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Maryland Governor To Sign Medical Marijuana Bill Today

A Maryland medical marijuana bill is expected to receive its final approval from Maryland Governor Martin O’Malley later today (May 2nd).

The bill, House Bill 1101, was originally approved by the General Assembly on April 8, and a spokeswoman confirmed yesterday that the bill-signing ceremony is to take place today.

“I’ve long said Maryland should replace the dealer-patient relationship with the doctor-patient relationship.”– Del. Dan Morhaim

The measure will establish the “Natalie M. LaPrade Medical Marijuana Commission” that will function within the Department of Health & Mental Hygiene. The commission will permit academic research centers (universities and hospitals) to establish their own medical marijuana programs after they apply.

Baltimore County Delegate Dan Morhaim told the Washington Post, “I’ve long said Maryland should replace the dealer-patient relationship with the doctor-.patient relationship. This law gives us a chance to do that.” However, the official start date of the program remains unannounced and may not be until as late as 2016. Nonetheless, the bill will make Maryland the 19th state to establish a medical marijuana program.

Maryland House Bill 1101 Is Not Very Patient-Friendly

Patients enrolled in the participating centers’ programs will receive marijuana for the medical conditions specified by the center itself. The medical center will be responsible for establishing the criteria to participate in their program, and will be required to provide all patient and caregiver data to the state health department on a daily basis. In addition, the state health department will be obligated to make that data available to law enforcement at all times.

The privacy of a patient is the cornerstone of contemporary medical ethics. Why should the medical centers be forced to provide patient data? Not to mention, the bill states that the participating medical centers must obtain their marijuana from either the Federal Government or a licensed grower.

This doesn’t sound too horrible. However, the commission will be responsible for licensing these medical marijuana growers and will limit that number to five growers per approved program. These five licensed growers will only be permitted to provide marijuana to their specified academic medical center. If an academic medical center utilizes caregivers as part of their program, they are limited to serving five patients each and no patient can be served by more than two participating caregivers at a time.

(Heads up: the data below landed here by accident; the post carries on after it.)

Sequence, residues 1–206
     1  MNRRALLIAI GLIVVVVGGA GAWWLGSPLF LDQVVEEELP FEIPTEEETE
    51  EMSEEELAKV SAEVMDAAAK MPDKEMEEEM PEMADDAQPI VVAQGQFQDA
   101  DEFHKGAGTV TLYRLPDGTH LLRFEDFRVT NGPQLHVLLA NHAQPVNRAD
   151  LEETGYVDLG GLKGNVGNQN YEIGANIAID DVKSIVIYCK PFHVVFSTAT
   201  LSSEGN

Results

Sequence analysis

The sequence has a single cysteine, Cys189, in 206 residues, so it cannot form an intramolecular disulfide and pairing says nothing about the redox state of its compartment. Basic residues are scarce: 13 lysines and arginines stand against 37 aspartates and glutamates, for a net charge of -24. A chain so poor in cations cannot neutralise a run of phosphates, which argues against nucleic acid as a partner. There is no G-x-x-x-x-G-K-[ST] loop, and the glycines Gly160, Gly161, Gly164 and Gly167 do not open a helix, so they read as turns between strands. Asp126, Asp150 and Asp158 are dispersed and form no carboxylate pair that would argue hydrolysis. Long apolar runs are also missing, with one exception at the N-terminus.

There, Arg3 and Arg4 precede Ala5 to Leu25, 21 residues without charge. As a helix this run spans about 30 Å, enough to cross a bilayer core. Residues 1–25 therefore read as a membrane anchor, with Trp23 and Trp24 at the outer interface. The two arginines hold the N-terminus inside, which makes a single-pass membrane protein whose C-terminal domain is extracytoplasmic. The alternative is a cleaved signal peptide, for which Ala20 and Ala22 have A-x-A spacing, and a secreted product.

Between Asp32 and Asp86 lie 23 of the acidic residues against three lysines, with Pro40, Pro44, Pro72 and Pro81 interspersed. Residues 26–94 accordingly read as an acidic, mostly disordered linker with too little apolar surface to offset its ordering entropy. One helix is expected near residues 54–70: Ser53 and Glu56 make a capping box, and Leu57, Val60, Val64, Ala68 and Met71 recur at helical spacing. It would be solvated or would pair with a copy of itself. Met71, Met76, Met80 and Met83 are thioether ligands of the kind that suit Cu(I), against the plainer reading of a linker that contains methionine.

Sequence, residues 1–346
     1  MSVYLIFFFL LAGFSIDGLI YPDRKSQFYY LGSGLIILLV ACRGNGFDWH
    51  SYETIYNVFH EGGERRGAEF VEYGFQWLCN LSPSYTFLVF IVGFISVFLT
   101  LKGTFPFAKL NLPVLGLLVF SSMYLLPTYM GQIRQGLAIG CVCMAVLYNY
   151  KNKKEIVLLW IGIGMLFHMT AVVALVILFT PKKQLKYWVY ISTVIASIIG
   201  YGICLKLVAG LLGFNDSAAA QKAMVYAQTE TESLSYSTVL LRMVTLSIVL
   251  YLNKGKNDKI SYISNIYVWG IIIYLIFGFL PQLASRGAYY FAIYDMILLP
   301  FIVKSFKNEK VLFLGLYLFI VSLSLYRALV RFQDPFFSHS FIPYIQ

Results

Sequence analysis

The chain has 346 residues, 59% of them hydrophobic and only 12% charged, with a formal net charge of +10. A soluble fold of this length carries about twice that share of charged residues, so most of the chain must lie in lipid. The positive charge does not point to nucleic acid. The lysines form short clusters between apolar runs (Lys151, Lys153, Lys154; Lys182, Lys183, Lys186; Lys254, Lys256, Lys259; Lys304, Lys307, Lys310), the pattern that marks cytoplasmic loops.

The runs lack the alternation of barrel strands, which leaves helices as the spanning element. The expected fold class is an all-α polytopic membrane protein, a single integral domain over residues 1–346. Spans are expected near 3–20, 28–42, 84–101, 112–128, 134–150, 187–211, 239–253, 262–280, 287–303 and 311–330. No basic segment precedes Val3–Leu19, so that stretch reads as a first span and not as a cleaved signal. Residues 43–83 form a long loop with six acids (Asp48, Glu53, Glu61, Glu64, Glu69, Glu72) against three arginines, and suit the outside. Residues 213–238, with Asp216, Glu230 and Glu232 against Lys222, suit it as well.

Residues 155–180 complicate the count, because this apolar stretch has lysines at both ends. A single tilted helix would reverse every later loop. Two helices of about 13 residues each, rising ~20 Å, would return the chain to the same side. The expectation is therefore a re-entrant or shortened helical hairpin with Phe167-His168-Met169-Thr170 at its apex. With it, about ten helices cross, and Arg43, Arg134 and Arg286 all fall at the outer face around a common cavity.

Maryland MMJ Bill Not Easy On Medical Centers Either

The Commission may approve no more than five programs to operate at one time in the entire state under House Bill 1101. Many medical marijuana supporters believe this may not be sufficient, and say the bill is not doing enough for the patients. We’d have to agree with them on this one.

The University of Maryland Medical System and Johns Hopkins University have already stated that they will not be participating in the program according to the policy note on the bill.

We don’t blame them. Below is a list of all the requirements of an Academic Medical Center to operate a medical marijuana program. All must be covered in the application:

  • Participating programs will be required to specify all qualifying medical conditions.
  • Specify the criteria by which the center will include and exclude patients.
  • Specify how patients will be addressed for addiction before and during treatment using marijuana.
  • Describe the source of cannabis to be used in the program including scientific details of the type of cannabis.
  • Specify the length of treatment and dosage
  • Describe how health care providers will be eligible to participate in the program and what training they will receive
  • Include a description of how caregivers will interact with patients
  • Demonstrate approval of the program by the center’s review board
  • Describe the plan for defining and monitoring the success or failure of treatment
  • Include a plan for monitoring aggregate data and outcomes and publishing results
  • Include a description of the sources of funding for the program
  • Describe the steps the center will take to prevent and monitor diversions from the program by patients
  • Describe how the program will dispose of any unused cannabis
  • Describe how the medical center and program will meet any other criteria established by the commission related to diversion or other aspects of programs overseen by the commission (What?)

We are all for legalizing the plant, but Maryland may want to rethink this one…